The numbers are staggering.  But what does the bible have to say about our relationships with these animals, be they pets or livestock?  Is there any particular guidance on eating animals, whether domestic dogs or domestic pigs? 

 

In the beginning, God gave people only plants to eat.  However, after the flood, in Genesis 9:3-4, God gave human beings the right to eat other living things:

 

Every moving thing that lives shall be food for you.  And as I gave you the green plants I give you everything.  But you shall not eat flesh with its life, that is, its blood.

 

There are two key points in this passage.  Firstly, all species of animal are legitimate food items for people.  This includes familiar and comfortable species such as cattle, sheep and ducks.  More controversially, though, it also includes those animals that, from a Western perspective at least, are regarded as either too majestic or too unpleasant.  Kangaroos and monkeys, and locusts and spiders, all spring to mind in these two categories.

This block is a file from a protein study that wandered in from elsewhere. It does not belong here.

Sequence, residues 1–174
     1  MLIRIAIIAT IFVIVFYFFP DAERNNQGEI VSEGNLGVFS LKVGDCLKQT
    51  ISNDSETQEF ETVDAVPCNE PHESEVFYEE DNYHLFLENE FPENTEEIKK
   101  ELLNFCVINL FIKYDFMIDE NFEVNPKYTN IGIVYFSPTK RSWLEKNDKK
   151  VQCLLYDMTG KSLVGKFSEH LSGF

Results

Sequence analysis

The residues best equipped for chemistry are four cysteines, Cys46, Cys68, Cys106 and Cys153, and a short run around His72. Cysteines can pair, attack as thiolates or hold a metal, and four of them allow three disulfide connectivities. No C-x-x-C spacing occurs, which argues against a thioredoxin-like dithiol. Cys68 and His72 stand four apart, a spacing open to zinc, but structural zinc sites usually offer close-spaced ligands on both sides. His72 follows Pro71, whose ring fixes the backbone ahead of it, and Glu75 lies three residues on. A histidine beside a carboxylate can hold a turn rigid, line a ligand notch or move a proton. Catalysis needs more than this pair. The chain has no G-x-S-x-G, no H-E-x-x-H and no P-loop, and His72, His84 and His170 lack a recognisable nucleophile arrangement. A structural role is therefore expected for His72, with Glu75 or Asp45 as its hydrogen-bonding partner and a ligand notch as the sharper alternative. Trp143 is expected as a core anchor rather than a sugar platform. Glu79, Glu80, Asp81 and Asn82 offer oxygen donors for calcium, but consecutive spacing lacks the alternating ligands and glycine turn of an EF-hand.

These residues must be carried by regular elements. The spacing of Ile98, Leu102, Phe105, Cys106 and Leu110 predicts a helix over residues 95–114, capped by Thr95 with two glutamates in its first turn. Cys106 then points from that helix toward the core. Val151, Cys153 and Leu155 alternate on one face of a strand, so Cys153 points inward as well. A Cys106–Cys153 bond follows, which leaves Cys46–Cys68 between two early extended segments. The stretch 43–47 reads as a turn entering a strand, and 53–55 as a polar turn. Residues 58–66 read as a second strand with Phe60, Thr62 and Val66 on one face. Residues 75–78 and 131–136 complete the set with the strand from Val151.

The second point here qualifies the first, as it sets out the conditions under which we may eat ‘every moving thing’.  The most important factor here is that all animals, and all plants too, are given by God.  Even when they are eaten by people they belong to Him, as Psalm 24:1 reminds us.  Consequently, how they are viewed and how they are treated should be on God’s terms, not dictated by society or the market.  Psalm 104, for example, demonstrates some of God’s interactions with various creatures, and illustrates both His provision for, and joy in, them.  The end of the Genesis passage above would seem to corroborate this perspective.  Rather than an admonition against eating black pudding, it is believed to be a reminder than even in the eating of an animal, its life, its blood, its very being belongs to its Creator.